Four people are facing nearly 100 criminal charges after Toronto police took down an “organized hierarchy” they allege was committing millions of dollars in identity theft and financial frauds.
The investigation, which was dubbed Project Hydra, began more than a year ago after police began looking into multiple occurrences of identity fraud and bank account takeovers.
According to police, suspects would steal identities and personal banking information of unsuspecting victims and use the information to create fraudulent identifications. The suspects would then employ others to enter financial institutions to open or take over bank accounts, police said.
Investigators were eventually able to determine were suspects would pick up the fake IDs. On Sept. 2, Toronto police obtained six search warrants and took three people into custody.
A fourth person was arrested on Sept. 24.
While conducting the search warrants, police seized numerous fraudulent identifications, electronic evidence such as hard drives and cell phones, $70,000 in cash, and a Porsche Panamera valued at about $100,000.
In a news release issued Thursday, police identified the four suspects as Vladislav Tsyganok, 25, Jamal Karama Sharif, 34, Asmerom Tsegay, 31, and Nadia Campitelli, 46, and said they are facing nearly 100 criminal charges combined. The offences include trafficking in identity information, fraud over and under $5,000, identity theft and personation to obtain property interest.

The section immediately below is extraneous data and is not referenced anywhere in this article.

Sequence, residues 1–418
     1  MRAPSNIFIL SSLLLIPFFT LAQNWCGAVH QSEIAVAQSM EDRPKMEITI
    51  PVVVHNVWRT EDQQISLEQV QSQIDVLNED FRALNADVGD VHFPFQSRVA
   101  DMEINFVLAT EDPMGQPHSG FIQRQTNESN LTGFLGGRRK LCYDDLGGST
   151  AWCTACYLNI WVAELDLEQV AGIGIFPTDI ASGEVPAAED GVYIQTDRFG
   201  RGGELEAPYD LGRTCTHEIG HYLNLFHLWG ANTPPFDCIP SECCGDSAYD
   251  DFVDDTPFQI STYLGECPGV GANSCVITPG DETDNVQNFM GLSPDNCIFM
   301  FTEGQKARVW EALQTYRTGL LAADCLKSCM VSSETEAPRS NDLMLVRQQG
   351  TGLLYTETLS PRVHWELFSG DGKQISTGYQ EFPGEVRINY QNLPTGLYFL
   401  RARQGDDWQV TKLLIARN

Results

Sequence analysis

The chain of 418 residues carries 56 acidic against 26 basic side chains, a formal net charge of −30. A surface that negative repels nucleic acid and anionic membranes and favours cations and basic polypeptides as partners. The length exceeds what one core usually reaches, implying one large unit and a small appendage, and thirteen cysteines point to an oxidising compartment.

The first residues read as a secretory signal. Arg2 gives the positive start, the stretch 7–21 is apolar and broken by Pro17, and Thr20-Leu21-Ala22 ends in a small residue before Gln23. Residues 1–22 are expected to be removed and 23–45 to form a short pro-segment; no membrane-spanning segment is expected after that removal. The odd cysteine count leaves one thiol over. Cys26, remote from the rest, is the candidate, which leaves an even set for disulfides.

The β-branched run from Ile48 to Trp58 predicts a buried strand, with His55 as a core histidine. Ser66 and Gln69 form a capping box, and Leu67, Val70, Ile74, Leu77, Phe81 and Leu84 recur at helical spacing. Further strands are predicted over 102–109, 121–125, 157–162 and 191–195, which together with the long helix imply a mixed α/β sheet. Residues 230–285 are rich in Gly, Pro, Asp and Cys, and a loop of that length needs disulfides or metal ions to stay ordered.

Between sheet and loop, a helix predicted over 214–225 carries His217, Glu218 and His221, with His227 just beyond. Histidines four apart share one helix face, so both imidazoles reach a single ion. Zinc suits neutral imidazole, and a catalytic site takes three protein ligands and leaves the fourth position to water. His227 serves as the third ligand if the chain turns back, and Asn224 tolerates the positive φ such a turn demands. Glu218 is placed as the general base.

The charges have not been proven in court.
In addition to the cash and fake IDs, investigators also discovered a business believed to be involved in the distribution of fraudulent gift cards.
“Through the course of this investigation we also found that this group was tampering with gift cards from retail merchants and they had a large volume of gift cards that had been tampered with,” Insp. Peter Callaghan from the Financial Crimes Unit said in a statement.
“The financial information on those cards had been compromised and they were ready to be placed back in stores for customers to purchase.”
Police said that officers recovered about 37,000 gift cards valued between $50 and $500 each as well as 1,300 pre-paid credit cards with an estimated value of $216,000.
Callaghan warned customers to physically examine gift cards for signs of tampering around the PIN number and barcode. He also urged merchants to place gift cards either behind the cash or in a protected area.
The investigation into the gift cards is ongoing and police say that more arrests or charges are possible.